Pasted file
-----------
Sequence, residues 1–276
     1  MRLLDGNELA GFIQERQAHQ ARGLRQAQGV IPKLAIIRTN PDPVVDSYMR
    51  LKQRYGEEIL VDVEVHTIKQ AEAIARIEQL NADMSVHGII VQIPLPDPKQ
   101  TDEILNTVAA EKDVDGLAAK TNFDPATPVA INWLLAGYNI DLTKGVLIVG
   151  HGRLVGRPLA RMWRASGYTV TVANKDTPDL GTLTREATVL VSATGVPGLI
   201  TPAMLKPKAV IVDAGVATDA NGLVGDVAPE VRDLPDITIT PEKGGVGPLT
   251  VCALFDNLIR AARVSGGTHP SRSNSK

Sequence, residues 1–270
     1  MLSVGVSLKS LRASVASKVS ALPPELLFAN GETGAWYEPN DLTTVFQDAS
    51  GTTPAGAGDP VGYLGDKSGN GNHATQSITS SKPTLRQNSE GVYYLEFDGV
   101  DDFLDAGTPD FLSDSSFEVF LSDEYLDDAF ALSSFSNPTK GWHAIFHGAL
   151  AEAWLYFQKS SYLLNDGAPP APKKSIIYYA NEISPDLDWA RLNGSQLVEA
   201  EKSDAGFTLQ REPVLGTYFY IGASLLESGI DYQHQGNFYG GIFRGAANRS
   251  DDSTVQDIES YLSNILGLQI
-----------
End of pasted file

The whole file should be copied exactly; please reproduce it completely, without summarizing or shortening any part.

Sequence, residues 1–276
     1  MRLLDGNELA GFIQERQAHQ ARGLRQAQGV IPKLAIIRTN PDPVVDSYMR
    51  LKQRYGEEIL VDVEVHTIKQ AEAIARIEQL NADMSVHGII VQIPLPDPKQ
   101  TDEILNTVAA EKDVDGLAAK TNFDPATPVA INWLLAGYNI DLTKGVLIVG
   151  HGRLVGRPLA RMWRASGYTV TVANKDTPDL GTLTREATVL VSATGVPGLI
   201  TPAMLKPKAV IVDAGVATDA NGLVGDVAPE VRDLPDITIT PEKGGVGPLT
   251  VCALFDNLIR AARVSGGTHP SRSNSK

Sequence, residues 1–270
     1  MLSVGVSLKS LRASVASKVS ALPPELLFAN GETGAWYEPN DLTTVFQDAS
    51  GTTPAGAGDP VGYLGDKSGN GNHATQSITS SKPTLRQNSE GVYYLEFDGV
   101  DDFLDAGTPD FLSDSSFEVF LSDEYLDDAF ALSSFSNPTK GWHAIFHGAL
   151  AEAWLYFQKS SYLLNDGAPP APKKSIIYYA NEISPDLDWA RLNGSQLVEA
   201  EKSDAGFTLQ REPVLGTYFY IGASLLESGI DYQHQGNFYG GIFRGAANRS
   251  DDSTVQDIES YLSNILGLQI